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Mountain hunt daypack essentials

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  #8  
Unread 07-26-2010, 08:01 PM
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Re: Mountain hunt daypack essentials

Curious what your pack weighs? I generally wear wool because it still has the ability to keep you warm when it is wet. I would add some sort of chemical fire starter, wool stocking cap, and extra headlight or flash light. If your light fails you are done.

If it is not very cold during the day but cold at night I will wear cotton, but in lots of layers so that I can peal during the day and add as it gets colder.

I also carry plenty of food for lunch and some extra just in case I have to stay the night.

My day pack weighs in at about 25-30lbs. I can't seem to make it lighter.

Steve
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  •   #9  
    Unread 07-26-2010, 11:27 PM
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    Re: Mountain hunt daypack essentials

    Writing this post, and the reply's I've gotten gave me something to think about during the hours I spent disking wheat stubble today.

    I weighed my pack on my fishing scale just now, with everything included except the items listed below it weighs 8lbs. I have everything in a eberlestock mini-me pack now, but ordered a X1E today that I might switch to next hunt. It has more capacity for a more substantial vest (the cabelas wooltimate I own) and more extra space. The X1E pack weighs 1.5lbs more empty than the mini-me but includes the scabbard in that weight where the mini-me does not. The mini-me is stuffed FULL with everything listed, which makes drawing from the scabbard slower, but not as much as I thought it might. I went on a 3 mile conditioning hike today with the mini-me loaded as listed plus a 20oz water bottle and 9.5lb 270 in the scabbard and it carried great, even with just a T shirt in 92 degree heat. The mini-me is so narrow that carrying a rifle on a sling works very well also which I may not be able to say about the X1E, I'll just have to wait and see. The X1E has 2300 cubic inch capacity where the mini-me has 800. The camelback stryker I used last year has 1200 and was perfect size, but having the gun in a scabbard between your shoulder blades makes carrying it much easier. The area I hunted last year had a huge burn and having my hands free crossing it would have been wonderful.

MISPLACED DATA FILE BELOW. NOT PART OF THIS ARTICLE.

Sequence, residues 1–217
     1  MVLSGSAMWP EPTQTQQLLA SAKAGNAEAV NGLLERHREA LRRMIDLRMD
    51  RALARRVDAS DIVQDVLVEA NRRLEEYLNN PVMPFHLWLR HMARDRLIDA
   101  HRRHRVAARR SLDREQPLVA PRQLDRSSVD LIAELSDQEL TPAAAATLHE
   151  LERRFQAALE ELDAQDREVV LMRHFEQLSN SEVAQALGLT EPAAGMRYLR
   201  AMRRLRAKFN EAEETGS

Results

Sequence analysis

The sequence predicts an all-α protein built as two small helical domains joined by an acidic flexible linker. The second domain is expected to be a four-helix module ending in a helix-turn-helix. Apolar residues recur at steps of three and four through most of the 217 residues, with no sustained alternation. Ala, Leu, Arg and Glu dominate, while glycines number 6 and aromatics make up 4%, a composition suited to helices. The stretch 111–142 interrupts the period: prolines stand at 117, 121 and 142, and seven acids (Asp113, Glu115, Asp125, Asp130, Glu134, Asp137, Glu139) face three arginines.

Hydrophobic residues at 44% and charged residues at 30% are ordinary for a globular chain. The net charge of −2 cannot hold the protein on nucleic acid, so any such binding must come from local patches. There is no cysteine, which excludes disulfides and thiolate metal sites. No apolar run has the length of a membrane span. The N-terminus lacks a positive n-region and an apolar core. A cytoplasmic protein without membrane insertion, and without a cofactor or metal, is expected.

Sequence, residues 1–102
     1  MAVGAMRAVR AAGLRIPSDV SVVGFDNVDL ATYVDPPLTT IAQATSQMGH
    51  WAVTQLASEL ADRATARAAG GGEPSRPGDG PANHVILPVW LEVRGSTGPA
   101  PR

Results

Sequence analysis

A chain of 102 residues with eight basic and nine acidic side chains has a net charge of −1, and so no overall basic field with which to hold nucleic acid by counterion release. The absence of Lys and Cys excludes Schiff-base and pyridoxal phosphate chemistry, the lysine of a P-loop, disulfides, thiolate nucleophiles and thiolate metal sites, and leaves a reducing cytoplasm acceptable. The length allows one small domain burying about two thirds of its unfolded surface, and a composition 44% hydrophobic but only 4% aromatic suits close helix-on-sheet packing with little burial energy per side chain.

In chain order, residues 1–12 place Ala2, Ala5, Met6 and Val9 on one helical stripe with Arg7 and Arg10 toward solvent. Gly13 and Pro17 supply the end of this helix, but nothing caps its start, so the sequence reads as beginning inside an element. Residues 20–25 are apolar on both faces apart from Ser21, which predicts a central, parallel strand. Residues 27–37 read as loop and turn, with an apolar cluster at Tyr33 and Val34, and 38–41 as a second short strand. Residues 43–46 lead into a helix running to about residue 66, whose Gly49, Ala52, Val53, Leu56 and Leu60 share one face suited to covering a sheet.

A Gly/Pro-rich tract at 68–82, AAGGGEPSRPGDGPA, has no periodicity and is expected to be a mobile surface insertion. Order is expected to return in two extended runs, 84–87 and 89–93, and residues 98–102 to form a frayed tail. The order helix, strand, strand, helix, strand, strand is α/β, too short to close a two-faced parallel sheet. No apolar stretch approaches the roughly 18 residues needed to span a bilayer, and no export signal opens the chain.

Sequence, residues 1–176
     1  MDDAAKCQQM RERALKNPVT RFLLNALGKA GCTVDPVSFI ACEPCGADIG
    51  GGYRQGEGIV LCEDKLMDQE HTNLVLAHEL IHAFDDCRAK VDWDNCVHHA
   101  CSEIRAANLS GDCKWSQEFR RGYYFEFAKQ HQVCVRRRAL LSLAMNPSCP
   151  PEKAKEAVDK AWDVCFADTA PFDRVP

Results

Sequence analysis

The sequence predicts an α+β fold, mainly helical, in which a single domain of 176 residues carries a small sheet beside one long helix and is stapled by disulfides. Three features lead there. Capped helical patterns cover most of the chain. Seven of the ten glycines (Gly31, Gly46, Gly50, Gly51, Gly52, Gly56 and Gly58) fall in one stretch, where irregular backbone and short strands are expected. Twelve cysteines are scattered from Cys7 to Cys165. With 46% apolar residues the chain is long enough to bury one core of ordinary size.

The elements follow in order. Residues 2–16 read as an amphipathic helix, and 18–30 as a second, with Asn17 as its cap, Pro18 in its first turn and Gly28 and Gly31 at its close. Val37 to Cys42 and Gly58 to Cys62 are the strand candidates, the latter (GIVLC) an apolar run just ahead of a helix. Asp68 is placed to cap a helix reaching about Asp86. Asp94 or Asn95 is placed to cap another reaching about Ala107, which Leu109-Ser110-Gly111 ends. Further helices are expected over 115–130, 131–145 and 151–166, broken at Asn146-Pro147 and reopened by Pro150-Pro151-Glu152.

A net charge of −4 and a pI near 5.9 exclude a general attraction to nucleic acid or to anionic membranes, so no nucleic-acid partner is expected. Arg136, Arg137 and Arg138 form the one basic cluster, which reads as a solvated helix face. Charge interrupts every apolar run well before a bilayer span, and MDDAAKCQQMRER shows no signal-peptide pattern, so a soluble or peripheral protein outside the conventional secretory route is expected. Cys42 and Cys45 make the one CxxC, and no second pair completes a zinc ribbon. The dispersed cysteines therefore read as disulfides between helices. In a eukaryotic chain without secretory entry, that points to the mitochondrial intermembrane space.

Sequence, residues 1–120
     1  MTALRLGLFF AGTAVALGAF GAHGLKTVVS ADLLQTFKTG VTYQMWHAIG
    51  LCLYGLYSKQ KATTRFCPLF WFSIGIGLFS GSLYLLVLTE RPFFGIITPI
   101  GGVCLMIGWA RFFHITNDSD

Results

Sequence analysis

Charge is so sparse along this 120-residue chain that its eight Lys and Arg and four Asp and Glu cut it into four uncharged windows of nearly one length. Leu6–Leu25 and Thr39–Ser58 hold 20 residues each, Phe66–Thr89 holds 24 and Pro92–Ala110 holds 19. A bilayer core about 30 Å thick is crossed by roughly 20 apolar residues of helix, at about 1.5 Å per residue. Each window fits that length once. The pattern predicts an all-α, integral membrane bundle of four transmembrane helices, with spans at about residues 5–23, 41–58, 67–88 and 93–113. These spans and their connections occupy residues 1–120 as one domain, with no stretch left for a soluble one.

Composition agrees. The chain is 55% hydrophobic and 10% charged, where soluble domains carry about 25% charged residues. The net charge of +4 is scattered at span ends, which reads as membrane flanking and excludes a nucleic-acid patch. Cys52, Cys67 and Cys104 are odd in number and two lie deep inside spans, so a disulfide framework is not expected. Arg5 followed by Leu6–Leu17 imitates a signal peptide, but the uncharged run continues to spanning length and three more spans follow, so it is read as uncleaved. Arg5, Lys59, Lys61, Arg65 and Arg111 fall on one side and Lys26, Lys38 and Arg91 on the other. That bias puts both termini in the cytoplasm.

I agree with the idea of an extra headlamp, it is something I have considered. The GPS, headlamp, and camera I carry take the same AA batteries so I am covered there. Lamp breakage is different though, a spare small tikka 1 battery lamp wouldn't weigh much or take up much room but would be handy in a bad situation. I haven't carried one because my friend & I stick together in the mountains and he has 2 (at least) also.

    The stocking cap I have covered, because the ski mask I carry is one of those baclave designs that can be used many ways.

    Another idea I came up with today was replacing the polypropylene long johns (that I've never used) with a lightweight pair of waterproof pants that I could slip on if I was cold or going to be glassing in the snow for a while.

    A real meal would also be nice instead of the energy bars, but I hate to add the weight since we don't stop to eat a real meal. We eat good before leaving for, and after getting off the mountain so I think I could get by unless things turned real bad. If that happens I know the areas where we have cell phone reception to call backup. Should I carry more food to prepare for this?

    What do you use for chemical fire starter?

    Not in pack when weighed
    -water
    -cell phone
    -head lamp
    -energy bars
    -water filter
    -license & regs
    -rifle in scabbard

    Also in the pack were stony point tripod shooting stix.

    These items would add some weight, but not a huge amount. I think I could get the pack in under 14lbs without the rifle. The rifle I will carry hunting will weigh 8.15lbs with scope, sling, and ammunition so 22lbs should cover the entire load other than what I carry in my pockets & binoculars on their harness.